By Steve Howard
“It was amazing timing then for this insightful American-trained social scientist to observe a modernist nonviolent Islamic movement at the peak of its dynamic campaign. It is even more amazing timing now for this rigorous and incisive study of Islamic modernity to be available to scholars, students, and the public at large. This profound assessment of a fascinating expression of Islam as experienced by African Muslims can contribute to defusing the current global crisis of Islam and modernity. The book is also a pleasure to read.”
Abdullahi Ahmed An-Na‘im, author of What Is an American Muslim: Embracing Faith and Citizenship and translator of Mahmoud Mohammed Taha’s Second Message of Islam
“There is much to learn in this memoir, especially given the normalization of extreme Islamophobia in the Western world. The answer to Islamic extremism does not lie in Western belligerence and fear, but within Islam itself. Howard reminds us all of the importance of re-centering these conversations within the communities of people who live this diverse and complex faith.”
Focus on the Horn
“Howard’s account (Modern Muslims) is an excellent tool for undergraduate teaching. It goes a long way in detaching mid-twentieth-century Islamic revival movements … from their characterization as inherently violent. Instead, Howard demonstrates the intellectual vigour exposed by dedicated Muslims trying to argue for the intellectual coherence and applicability of their faith in a world they believed to be epistemologically dominated by Western rationalism.”
“Steve Howard has produced an ethnography of a modern Muslim movement in the contemporary Sudan that is original, informative, and beautifully conceived. It is a unique (and uniquely informative), accessible, and moving journey of discovery that makes a major contribution to our understanding of Islam in the Sudan and in the contemporary world.”
Lidwien Kapteijns, professor of African and Middle Eastern history, Wellesley College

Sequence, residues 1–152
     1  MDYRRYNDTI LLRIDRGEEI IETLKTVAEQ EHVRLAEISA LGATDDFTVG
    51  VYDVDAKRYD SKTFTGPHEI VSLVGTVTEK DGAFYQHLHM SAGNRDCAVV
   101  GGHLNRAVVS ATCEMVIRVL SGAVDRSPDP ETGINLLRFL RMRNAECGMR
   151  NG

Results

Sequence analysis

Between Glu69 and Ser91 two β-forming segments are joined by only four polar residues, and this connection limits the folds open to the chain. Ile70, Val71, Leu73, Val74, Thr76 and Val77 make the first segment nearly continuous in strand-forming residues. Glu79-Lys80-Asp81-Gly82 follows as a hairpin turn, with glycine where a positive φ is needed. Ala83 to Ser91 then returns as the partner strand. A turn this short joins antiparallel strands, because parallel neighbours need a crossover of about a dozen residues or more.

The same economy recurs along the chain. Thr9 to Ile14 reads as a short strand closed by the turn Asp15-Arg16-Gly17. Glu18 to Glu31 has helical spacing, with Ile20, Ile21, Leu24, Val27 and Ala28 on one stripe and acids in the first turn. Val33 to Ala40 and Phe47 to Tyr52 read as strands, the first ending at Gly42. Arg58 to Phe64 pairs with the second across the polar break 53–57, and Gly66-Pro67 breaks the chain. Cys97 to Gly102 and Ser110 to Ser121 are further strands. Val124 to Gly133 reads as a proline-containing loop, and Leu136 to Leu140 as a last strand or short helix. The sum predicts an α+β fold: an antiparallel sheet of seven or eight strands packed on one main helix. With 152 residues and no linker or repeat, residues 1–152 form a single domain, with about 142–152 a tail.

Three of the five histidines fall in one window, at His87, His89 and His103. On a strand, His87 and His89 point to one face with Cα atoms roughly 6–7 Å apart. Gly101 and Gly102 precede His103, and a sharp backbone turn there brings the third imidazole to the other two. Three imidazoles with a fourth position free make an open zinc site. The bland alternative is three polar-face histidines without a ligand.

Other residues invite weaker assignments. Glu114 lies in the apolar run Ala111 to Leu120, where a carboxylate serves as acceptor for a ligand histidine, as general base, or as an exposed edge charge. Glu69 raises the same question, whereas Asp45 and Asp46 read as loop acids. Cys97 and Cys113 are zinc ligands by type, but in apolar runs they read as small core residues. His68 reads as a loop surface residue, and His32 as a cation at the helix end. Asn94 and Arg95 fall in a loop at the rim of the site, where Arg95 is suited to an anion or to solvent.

Steve Howard departed for the Sudan in the early 1980s as an American graduate student beginning a three-year journey in which he would join and live with the Republican Brotherhood, the Sufi Muslim group led by the visionary Mahmoud Mohamed Taha. Taha was a religious intellectual who participated in the early days of Sudan’s anticolonial struggle, but quickly turned his movement into a religious reform effort based on his radical reading of the Qur’an. He was executed in 1985 for apostasy.
Decades after returning to the life of an academic in the United States, Howard brings us this memoir of his time with the Republican Brotherhood, who advocated, among other things, equality for women. Modern Muslims describes Howard’s path to learning not only about Islam and Sufism but also about Sudan’s history and culture. When the Brotherhood was thrust into confrontation with Sudan’s then-president Jaafar Nimeiry, Howard had a front-line perspective on the difficult choices communities make as they try to reform and practice their faith freely.
As well as a story of personal transformation, the book offers an insider’s perspective on a modernist nonviolent Islamic movement that thrived and was brutally suppressed. An important book for our times, Modern Muslims yields significant insights for our understanding of modern Islam, African history, and contemporary geopolitics.
Steve Howard is a professor of media studies and African studies and the director of the Ohio University Center for International Studies. A sociologist by training, he has studied and worked all over the African continent. He directed Ohio University’s African Studies Program for twenty-five years and has published several scholarly articles about the Republican Brotherhood Movement. More info →
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